An increasing human population necessitates more food production, yet current techniques in agriculture, such as chemical pesticide use, have negative impacts on the ecosystems and strong public opposition. Alternatives to synthetic pesticides should be safe for humans, the environment, and be sustainable. Extremely diverse ecological niches and millions of years of competition have shaped the genomes of algae to produce a myriad of substances that may serve humans in various biotechnological areas. Among the thousands of described algal species, only a small number have been investigated for valuable metabolites, yet these revealed the potential of algal metabolites as bio-pesticides. This review focuses on macroalgae and microalgae (including cyanobacteria) and their extracts or purified compounds, that have proven to be effective antibacterial, antiviral, antifungal, nematocides, insecticides, herbicides, and plant growth stimulants. Moreover, the mechanisms of action of the majority of these metabolites against plant pests are thoroughly discussed. The available information demonstrated herbicidal activities via inhibition of photosynthesis, antimicrobial activities via induction of plant defense responses, inhibition of quorum sensing and blocking virus entry, and insecticidal activities via neurotoxicity. The discovery of antimetabolites also seems to hold great potential as one recent example showed antimicrobial and herbicidal properties. Algae, especially microalgae, represent a vast untapped resource for discovering novel and safe biopesticide compounds.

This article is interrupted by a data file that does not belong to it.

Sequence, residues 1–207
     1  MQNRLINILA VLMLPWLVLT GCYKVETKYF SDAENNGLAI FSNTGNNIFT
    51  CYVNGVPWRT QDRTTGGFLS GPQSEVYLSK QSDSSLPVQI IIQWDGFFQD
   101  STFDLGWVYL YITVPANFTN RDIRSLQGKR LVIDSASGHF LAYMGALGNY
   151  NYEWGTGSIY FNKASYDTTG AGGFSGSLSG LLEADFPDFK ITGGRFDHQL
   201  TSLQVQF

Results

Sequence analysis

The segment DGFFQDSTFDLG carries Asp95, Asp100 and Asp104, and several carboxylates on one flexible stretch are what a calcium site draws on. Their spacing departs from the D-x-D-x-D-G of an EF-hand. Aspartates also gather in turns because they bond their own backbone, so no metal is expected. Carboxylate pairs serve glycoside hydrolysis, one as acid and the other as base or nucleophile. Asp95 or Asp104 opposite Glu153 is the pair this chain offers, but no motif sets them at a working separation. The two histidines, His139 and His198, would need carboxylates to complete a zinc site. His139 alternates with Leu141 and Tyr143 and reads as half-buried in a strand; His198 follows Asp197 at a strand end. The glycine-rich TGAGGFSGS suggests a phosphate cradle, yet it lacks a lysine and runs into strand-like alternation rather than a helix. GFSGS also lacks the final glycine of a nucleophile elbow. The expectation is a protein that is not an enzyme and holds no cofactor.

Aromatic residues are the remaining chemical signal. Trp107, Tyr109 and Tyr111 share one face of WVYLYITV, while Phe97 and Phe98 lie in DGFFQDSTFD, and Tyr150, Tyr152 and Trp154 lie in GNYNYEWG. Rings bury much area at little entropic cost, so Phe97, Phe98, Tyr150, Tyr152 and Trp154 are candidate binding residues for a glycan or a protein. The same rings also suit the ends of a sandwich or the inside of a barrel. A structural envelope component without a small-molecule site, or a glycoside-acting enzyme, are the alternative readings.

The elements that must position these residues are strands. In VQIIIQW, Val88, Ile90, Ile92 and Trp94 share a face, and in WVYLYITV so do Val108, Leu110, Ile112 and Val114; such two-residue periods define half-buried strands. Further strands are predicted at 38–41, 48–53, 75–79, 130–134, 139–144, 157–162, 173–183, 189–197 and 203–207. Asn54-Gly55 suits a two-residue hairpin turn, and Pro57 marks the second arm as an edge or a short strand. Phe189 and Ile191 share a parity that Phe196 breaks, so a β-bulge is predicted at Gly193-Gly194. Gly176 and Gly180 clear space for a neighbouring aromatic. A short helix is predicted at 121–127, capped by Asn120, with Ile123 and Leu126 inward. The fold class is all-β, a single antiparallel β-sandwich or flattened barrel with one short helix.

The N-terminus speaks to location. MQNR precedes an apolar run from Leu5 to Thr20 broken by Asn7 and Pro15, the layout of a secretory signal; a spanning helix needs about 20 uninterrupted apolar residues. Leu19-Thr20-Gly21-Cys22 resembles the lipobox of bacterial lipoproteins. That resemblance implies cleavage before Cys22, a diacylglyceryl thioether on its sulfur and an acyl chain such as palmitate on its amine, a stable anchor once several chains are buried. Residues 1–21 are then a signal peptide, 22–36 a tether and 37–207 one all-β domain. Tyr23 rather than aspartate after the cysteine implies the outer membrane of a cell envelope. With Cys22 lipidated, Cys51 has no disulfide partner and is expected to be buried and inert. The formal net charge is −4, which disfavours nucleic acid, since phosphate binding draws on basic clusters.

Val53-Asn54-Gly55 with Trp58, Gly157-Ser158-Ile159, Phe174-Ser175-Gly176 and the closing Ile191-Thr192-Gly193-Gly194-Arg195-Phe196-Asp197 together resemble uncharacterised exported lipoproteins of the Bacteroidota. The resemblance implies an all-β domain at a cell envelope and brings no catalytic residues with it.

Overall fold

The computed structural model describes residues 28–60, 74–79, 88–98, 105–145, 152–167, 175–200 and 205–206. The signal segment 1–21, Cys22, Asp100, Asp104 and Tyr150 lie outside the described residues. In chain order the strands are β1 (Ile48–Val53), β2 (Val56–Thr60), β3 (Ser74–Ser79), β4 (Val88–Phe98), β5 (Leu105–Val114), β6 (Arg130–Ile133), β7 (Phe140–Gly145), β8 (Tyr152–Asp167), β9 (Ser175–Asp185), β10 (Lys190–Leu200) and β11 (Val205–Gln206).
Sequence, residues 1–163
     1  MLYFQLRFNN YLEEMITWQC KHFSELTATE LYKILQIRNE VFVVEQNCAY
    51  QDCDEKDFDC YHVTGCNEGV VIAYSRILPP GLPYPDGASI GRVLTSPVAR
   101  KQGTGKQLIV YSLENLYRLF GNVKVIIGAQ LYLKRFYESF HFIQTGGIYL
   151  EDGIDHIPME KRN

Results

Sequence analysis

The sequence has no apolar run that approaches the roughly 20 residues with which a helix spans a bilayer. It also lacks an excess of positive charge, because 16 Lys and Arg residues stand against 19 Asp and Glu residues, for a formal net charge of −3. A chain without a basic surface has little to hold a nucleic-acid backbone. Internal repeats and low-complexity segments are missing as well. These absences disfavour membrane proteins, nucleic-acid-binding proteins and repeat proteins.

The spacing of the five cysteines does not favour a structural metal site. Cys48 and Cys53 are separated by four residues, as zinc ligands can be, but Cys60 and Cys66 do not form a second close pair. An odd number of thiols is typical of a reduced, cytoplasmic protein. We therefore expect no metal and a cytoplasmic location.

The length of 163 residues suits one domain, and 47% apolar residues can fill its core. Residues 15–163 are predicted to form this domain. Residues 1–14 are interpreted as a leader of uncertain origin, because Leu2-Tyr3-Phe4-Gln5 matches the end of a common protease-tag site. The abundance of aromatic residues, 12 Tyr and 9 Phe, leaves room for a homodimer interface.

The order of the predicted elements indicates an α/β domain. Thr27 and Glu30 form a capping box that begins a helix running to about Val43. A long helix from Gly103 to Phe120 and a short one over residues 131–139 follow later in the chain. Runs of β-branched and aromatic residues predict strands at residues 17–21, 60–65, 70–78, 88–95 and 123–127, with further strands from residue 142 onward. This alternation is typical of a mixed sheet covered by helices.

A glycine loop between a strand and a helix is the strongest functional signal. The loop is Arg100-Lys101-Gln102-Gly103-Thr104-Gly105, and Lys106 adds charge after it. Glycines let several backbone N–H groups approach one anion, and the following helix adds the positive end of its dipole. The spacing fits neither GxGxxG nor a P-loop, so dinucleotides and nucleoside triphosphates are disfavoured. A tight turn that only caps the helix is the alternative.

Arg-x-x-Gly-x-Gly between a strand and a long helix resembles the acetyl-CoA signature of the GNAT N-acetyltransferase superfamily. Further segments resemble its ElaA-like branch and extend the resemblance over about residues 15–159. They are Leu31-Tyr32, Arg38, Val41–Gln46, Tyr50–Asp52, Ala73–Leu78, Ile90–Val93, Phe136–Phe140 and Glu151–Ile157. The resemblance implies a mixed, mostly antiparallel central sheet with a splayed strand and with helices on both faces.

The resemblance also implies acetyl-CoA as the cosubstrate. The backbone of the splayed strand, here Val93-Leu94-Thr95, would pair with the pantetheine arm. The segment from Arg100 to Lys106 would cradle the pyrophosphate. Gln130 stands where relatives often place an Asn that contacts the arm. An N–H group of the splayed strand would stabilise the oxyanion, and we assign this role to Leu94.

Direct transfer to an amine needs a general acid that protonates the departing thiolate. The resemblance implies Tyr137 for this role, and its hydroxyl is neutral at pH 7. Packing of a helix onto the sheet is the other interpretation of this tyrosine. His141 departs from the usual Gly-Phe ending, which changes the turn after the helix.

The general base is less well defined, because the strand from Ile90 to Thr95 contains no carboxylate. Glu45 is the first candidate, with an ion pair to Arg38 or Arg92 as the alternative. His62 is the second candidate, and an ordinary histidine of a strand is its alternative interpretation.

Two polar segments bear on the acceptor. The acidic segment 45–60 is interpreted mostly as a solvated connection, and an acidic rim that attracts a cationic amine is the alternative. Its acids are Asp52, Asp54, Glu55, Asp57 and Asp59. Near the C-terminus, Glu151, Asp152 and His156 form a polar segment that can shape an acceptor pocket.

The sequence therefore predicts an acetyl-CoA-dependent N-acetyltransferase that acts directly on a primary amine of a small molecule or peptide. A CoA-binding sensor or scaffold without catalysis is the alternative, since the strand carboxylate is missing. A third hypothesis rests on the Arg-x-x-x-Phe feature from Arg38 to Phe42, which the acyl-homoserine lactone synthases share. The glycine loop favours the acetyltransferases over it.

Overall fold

1. Introduction

The term algae encompasses a wide range of photosynthetic organisms that are found primarily in freshwater and marine environments, although certain representatives can thrive in terrestrial niches, either on their own or by developing symbiotic relationships with other organisms [1,2]. Larger eukaryotic algae, such as seaweeds, are called macroalgae, while smaller unicellular eukaryotes are collectively referred to as microalgae. On the other hand, cyanobacteria (blue-green algae) represent the prokaryotic clade of this highly diverse group [2]. Moreover, some genera exhibit extraordinary growth potential in terms of produced biomass within a short period of time [3,4].